37. 37. Feature Sets Slide As a [User/Persona] I want to [Activity] In order to [Outcome] CEO View succinct and meaningful High Level Overviews of Organisational and Business Understand how my service is tracking on key issues CEO Make decisions based on the report information (both quantitative and qualitative information) Proactively manage my service as a business and respond to issues in my community Program Manager Measure and Track Financial Performance of the Departmental Budget and Administered Expenses Understand the variance in Performance from Budget vs. Forecast vs. Actual and monitor how my agency is tracking against the PBS Branch Manager Timely updates of information (Real time information as information is of no use if it is old or out of date) Be able to understand trends and track progress and achievements against organisational and business KPIs. Timing and frequency of information should be based on need for that information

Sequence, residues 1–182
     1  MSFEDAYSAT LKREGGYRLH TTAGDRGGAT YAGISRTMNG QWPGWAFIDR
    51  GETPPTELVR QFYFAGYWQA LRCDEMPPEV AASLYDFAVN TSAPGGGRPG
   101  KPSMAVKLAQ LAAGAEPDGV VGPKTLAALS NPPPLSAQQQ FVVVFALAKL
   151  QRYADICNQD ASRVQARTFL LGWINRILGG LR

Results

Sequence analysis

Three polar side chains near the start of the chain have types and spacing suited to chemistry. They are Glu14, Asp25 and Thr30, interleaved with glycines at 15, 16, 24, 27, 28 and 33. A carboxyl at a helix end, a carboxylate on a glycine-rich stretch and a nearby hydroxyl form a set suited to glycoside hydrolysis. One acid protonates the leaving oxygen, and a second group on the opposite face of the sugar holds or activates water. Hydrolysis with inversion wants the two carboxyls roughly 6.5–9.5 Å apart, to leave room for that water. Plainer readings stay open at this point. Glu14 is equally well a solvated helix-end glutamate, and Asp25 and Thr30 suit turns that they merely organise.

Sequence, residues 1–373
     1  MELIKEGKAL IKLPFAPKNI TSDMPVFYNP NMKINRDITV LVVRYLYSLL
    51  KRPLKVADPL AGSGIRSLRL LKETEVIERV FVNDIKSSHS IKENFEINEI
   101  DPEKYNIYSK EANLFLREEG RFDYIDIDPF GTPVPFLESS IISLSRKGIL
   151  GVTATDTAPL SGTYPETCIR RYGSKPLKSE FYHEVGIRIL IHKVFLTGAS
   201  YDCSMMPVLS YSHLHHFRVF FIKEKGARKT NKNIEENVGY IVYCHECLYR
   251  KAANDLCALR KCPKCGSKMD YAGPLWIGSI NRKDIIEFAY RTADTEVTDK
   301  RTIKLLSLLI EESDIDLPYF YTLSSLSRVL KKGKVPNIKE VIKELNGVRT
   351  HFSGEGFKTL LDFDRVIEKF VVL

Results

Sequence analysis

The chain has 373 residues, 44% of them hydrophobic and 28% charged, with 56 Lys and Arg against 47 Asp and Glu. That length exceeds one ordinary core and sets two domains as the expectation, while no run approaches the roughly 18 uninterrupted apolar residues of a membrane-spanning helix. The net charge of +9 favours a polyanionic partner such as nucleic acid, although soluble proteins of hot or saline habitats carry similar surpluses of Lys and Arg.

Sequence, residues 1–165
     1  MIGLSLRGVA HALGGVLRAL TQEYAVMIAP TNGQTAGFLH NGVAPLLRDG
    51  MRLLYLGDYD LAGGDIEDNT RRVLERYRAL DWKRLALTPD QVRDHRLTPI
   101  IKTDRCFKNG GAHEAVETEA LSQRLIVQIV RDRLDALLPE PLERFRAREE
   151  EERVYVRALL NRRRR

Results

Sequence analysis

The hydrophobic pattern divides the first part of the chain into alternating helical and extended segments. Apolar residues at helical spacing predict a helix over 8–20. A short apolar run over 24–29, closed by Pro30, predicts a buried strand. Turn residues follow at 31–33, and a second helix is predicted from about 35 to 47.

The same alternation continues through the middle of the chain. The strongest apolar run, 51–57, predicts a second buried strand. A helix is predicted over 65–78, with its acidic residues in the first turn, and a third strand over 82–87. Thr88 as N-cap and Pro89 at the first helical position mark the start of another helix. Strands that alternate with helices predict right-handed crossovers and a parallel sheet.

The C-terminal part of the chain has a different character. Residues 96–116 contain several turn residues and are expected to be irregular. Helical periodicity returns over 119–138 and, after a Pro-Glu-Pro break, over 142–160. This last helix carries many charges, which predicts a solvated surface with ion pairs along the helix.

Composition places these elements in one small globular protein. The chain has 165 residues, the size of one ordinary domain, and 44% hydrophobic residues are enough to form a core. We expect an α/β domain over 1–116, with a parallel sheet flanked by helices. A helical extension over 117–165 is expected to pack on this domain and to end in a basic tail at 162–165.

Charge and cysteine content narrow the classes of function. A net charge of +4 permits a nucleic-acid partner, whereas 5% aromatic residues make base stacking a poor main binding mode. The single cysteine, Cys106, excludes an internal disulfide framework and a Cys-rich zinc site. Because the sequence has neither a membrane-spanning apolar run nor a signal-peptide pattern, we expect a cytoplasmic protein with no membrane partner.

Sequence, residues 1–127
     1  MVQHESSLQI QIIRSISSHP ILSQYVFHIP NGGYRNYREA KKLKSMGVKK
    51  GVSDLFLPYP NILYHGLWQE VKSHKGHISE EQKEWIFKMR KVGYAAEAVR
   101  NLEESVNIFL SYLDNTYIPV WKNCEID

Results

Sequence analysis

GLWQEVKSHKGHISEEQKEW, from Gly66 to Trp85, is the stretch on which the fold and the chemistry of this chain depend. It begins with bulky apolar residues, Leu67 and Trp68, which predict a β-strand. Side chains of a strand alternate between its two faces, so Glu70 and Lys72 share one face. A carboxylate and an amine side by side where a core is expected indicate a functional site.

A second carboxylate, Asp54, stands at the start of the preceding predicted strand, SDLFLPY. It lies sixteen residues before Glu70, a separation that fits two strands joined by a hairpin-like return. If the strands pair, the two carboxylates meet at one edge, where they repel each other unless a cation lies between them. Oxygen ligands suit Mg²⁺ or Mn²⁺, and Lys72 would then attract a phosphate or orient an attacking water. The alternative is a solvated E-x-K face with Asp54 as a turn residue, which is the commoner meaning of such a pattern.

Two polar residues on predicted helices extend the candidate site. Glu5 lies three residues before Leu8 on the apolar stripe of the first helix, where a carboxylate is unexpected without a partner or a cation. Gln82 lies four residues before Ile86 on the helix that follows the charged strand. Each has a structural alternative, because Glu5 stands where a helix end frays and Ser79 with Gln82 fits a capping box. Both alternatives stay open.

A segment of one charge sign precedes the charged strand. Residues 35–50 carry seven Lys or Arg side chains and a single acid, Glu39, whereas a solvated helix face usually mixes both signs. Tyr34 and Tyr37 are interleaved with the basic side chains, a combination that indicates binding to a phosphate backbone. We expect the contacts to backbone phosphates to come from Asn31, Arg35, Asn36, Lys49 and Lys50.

38. 38. User Needs Slide User Need Responsibility Description of User Need UN-1 System + Business To produce report on key outcomes, outputs and critical business activity. Information must be relevant and able to be acted upon by the Executive. UN-2 Business Decreased duplication across reports. It was stated that there are a lot of reports that overlap. Users want rationalisation of reports as it was expressed that the group does not want the executive dashboard to be another report on top of current reporting workload. UN-3 Business + System Confidence in the Quality of the data. Data cleansing exercise may be required and business needs to be accountable and take ownership of the data in their area. UN-4 Business Corporate (Financial and HR) and Business (Program and Payments) information. Situation Report is focused on Programs and based on Ministers’ need - not a comprehensive report for the business. May need more comprehensive Program and Payments level data for Branch and Section Managers. Financial data tracks administered funds but also want to track committed funds. UN-5 System + Business Decreased burden of reporting (takes a long time to pull all the information together and there are a number of reports to be complied on a weekly, monthly, quarterly and annual basis. It was stated that at times they struggle with the amount of reporting required. Need to look at how frequently the information needs to be reported on (as sometimes does not change from week to week or month or month).